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Monday, Jan 29 2018 | 17:35 Buy this now at GoodToGo (B2B)

Manfred BurzlaffIncredible today: Standing on a stage with Chet Baker in the late 50s when he still had his James Dean face. Jamming with Art Farmer, Dexter Gordon, Jim Hall and Lionel Hampton, who takes Manfred Burzlaff’s mallets in his hands and plays on Manfred Burzlaff’s vibraphone. Bebop, Hard bop. Rich harmonic schemes, improvisation, furious playing, nervous, metropolitan. Faster and rhythmically freer than the swing music he has played before, although Glenn Miller became a sensation for the German jazz lovers, especially for Manfred Burzlaff. Now, in May 1945, one no longer has to endure march music, no staccato goose-step, no songs of perseverance, no Wagnerian pomp. One can turn on the radio, tune in to one of the American channels and then listen to this new music called Jazz … just like that. Jazz, which was hated by the Nazis, for whom twelve-year old Manfred Burzlaff had to perform in front of military audiences, with his excellent accordion and piano skills.

After listening to Glenn Miller, Art van Dam’s music on a vibraphone is another key moment. And then, a little later, Lionel Hampton topped all previous experiences, as Burzlaff points out. Being 20 years old, he studies music at the conservatory and switches to the vibraphone, a percussion instrument similar to the marimba, except that the plates are not made of wood, but of a hard metal alloy. Now he starts to perform. At that time smaller combos grew like mushrooms out of the ground. That’s when the TABU venues came into being, a club chain where jazz was played, from nine in the evening to five in the morning. Playing there felt like slave labor. One evening maybe half an hour off. It was far from secure, and money was extremely short.

The Germans are keen to perform with the Americans. After concerts of American bands, the musicians usually gather together at the Badewanne (bathtub), a legendary club at Nürnberger Straße, where there was a tub filled with champagne, not water. Even Louis Armstrong is said to have climbed in. One evening there is a guy in the audience, Jacques Loussier, a Frenchman with a notion of jazzing up Bach. He is responsible for booking Manfred Burzlaff’s band into a Parisian club without many words. Suddenly Paris. They are all really there: Chet Baker, Stan Getz, and Manfred Burzlaff is allowed to stay there for a full year. He is discovering the music of Milt Jackson, one of the greatest vibraphone players of all time. He copies him, at first, getting better and better. Usually he uses two mallets. But one day he has to work with an incompetent piano player and takes four mallets to replace him. That’s the turning point: I did not imitate Milt Jackson any longer.

When he stands there, in a suit, with cufflinks and handkerchief, bent over his instrument, striking the plates, using the pedals, with sensational speed, highly dynamic, a master of harmonies, the layering of sounds. Even at eighty, suffering now from serious illness, from cancer, but still with that feverish energy. In the middle of the night, he might call a musician from his band and say, Listen, I’ve got something here, finally playing over the phone. He is one of the best vibraphonists in Europe, which is not just a sentence being said because he doesn’t live anymore.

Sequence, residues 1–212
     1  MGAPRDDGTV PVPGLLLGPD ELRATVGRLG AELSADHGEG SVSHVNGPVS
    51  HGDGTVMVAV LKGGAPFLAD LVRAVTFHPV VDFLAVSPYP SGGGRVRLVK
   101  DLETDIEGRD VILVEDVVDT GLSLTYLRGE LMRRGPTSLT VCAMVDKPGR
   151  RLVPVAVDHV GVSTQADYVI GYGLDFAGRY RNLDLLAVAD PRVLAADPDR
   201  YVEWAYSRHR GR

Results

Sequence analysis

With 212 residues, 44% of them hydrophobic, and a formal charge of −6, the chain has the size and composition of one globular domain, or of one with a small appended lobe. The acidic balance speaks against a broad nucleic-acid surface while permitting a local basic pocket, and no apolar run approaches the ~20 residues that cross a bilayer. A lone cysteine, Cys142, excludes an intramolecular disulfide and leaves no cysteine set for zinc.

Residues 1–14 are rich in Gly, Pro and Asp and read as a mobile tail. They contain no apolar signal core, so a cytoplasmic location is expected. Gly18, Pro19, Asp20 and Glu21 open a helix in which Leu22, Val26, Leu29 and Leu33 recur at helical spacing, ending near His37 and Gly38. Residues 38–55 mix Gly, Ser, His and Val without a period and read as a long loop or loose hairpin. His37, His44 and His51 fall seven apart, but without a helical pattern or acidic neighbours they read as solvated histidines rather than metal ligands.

But it’s not just about intoxication, feeling, spontaneity. Improvisation is not an unrestrained digression. Manfred Burzlaff is more of an intellectual guy, inventing improvisational concepts and experiments. He meets the film producer Hansjürgen Pohland. I need a soundtrack, he says, and Manfred Burzlaff replies, I’ve never written one. – Then you’ll write one now. Then he composes his first soundtrack for the short film Schatten, which is awarded with the Berliner Kunstpreis (Berlin Art Award), Now he gets more jobs like that, for more than 40 films. Among them are not only cultural highlights but also movies for sexual education or commercials. One, however, produced for the fashion house Max Knaak, makes it to the advertising film festival in Cannes. At least he is earning a little with these soundtracks, on top of his small concert fees.

He often performs at Old Eden Saloon, a jazz club owned by Rolf Eden, founded long before Eden’s glamorous discoteque at Kurfürstendamm. He jams every night with Albert Mangelsdorff, with Pony Pointdexter and with Art Farmer as a permanent guest. One time someone drops LSD into his drink, another time he carries Chet Baker on his back down from the stage, or a guy from the audience comes up, sticks a hundred-Mark bill to his forehead and asks him to play a very special tune. Eventually, the Old Eden closes and everyone moves on. Manfred Burzlaff begins to teach at the HdK art school (Hochschule der Künste) and the music school Berlin-Neukölln, builds up a mallet group, writes articles for specialist magazines, works as a lecturer in Stockholm, founds the ensemble Mallets Ahead, composes and plays and plays and plays. (written by Tatjana Wulfert)

In February Sonorama Records releases an album with previously unknown hard bop and cool jazz from Berlin Image Films of the 1960s, transferred and carefully restored from the original master tapes. All music by composer, vibraphonist and pianist Manfred Burzlaff (1932-2015). Lost soundtracks from promotional films for the city of West-Berlin, all original material plus versions of Mobley’s “Infra-Rae” and Cal Tjader’s “Crow’s Nest”.

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